Louisiana State University and Agricultural & Mechanical College had its origin in certain grants of land made by the United States government in 1806, 1811, and 1827 for use as a seminary of learning. In 1853, the Louisiana General Assembly established the Louisiana State Seminary of Learning and Military Academy near Pineville, La. The institution opened on Jan.2, 1860, with Col. William Tecumseh Sherman as superintendent. It closed on June 30, 1861, because of the Civil War. It reopened but was again closed on April 23, 1863, due to the invasion of the Red River Valley by the Federal army.
The Seminary reopened on Oct. 2, 1865, only to be burned Oct. 15, 1869. On Nov. 1, 1869, the institution resumed its exercises in Baton Rouge, where it has since remained. In 1870, the name of the institution was changed to Louisiana State University. Louisiana State Agricultural & Mechanical College was established by an act of the Legislature, approved April 7, 1874, to carry out the United States Morrill Act of 1862, granting lands for this purpose. It temporarily opened in New Orleans, June 1, 1874, where it remained until it merged with Louisiana State University in 1877.
When the University was formerly dedicated on the present campus on April 30, 1926, the cadets moved to the new campus. But they brought the traditions of the Ole War Skule with them, including the name and their commitment to the “the Long Purple Line.”
Cadets of the Ole War Skule
In 1955, a group of those cadets who had begun their LSU experience on the old campus, officially organized “Cadets of the Ole War Skule” as a way of ensuring future generations of LSU cadets and other alumni might never forget the University’s rich military heritage and traditions. Their annual meetings on Homecoming Day also afforded them the opportunity to officially encourage and support participation in the LSU Corps of Cadets. Many of those members were not only former cadets but also members of the University’s faculty and staff.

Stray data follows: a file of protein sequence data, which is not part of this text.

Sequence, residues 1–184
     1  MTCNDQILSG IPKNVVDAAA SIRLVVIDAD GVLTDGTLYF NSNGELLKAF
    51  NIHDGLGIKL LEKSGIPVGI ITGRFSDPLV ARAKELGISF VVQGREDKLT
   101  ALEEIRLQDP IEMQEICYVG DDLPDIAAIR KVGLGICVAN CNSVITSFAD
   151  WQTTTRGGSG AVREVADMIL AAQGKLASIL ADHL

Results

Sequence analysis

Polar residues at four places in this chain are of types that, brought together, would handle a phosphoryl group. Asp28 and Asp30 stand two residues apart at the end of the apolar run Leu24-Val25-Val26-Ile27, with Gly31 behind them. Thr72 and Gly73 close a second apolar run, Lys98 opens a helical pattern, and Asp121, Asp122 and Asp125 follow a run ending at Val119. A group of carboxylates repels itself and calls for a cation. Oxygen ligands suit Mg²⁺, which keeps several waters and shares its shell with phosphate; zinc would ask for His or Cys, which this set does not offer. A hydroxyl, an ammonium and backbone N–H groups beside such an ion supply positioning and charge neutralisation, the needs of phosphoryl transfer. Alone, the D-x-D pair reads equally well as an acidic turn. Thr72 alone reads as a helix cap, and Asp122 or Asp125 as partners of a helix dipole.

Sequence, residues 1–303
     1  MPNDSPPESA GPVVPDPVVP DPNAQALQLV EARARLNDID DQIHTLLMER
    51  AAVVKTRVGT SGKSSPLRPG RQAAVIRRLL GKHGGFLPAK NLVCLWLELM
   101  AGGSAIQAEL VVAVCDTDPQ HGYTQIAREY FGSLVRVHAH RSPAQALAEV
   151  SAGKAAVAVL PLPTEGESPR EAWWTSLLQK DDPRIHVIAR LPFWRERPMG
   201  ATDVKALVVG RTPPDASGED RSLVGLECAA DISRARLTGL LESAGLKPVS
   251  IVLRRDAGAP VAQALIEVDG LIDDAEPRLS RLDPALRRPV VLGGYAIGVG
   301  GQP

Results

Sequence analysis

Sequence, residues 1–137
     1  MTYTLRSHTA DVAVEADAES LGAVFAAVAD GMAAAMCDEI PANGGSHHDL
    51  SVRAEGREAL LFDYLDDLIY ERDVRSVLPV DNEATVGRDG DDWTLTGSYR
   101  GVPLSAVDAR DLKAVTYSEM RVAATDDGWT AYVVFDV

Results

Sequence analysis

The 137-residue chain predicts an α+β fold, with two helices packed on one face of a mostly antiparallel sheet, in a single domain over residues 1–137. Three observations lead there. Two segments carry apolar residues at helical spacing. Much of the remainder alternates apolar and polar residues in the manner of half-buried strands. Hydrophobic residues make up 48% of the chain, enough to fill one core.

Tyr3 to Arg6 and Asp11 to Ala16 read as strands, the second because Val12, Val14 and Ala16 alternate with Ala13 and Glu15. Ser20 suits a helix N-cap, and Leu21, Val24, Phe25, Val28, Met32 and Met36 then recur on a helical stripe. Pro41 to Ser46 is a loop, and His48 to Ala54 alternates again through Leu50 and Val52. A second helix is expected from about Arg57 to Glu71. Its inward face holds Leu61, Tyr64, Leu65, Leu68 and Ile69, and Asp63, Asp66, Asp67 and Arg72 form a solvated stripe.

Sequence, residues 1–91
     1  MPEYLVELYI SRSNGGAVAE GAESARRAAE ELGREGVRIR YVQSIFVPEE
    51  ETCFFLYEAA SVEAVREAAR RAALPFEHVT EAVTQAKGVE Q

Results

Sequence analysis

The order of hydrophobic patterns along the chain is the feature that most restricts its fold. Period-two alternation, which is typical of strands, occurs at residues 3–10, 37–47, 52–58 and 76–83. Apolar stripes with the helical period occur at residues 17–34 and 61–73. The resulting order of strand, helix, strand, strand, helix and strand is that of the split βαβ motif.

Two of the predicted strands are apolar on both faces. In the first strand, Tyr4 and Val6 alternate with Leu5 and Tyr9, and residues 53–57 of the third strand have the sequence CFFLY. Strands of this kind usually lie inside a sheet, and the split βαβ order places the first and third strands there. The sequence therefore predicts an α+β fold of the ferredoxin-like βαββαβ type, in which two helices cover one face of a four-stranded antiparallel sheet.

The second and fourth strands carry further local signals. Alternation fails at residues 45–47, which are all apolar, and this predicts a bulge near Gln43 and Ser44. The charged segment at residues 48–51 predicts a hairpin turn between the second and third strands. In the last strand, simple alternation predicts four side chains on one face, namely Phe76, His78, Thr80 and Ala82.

As the years passed, and with fewer living cadets from the old campus, the membership of Cadets of the Ole War Skule declined, and the group ceased to hold annual meetings. In 1995, with the encouragement of then-Chancellor William E. “Bud” Davis, the University endorsed an effort designed to breathe new life into the organization and guarantee its continued existence as an integral part LSU’s traditions. At the same time, LSU Salutes, a program to officially recognize all former cadets and other veterans who had served and/or given their lives in service to the United States of America, was created. In March of 1998, the LSU Board of Supervisors designated LSU Salutes an official University event, guaranteeing its place as a tradition.
Cadets of the Ole War Skule continues to recognize and support the unique contributions of those who have served their country in uniform and to promote and cultivate the bonds of fellowship existing among alumni and students of LSU who have served, or are serving, the United States of America honorably in any one of the nation’s uniformed services, National Guard, or military reserve components. Cadets of the Ole War strives to preserve and strengthen a spirit of camaraderie among its members, to foster and perpetuate patriotism, to strengthen a sense of individual allegiance to LSU, and to promote public awareness of the value of LSU’s military contributions.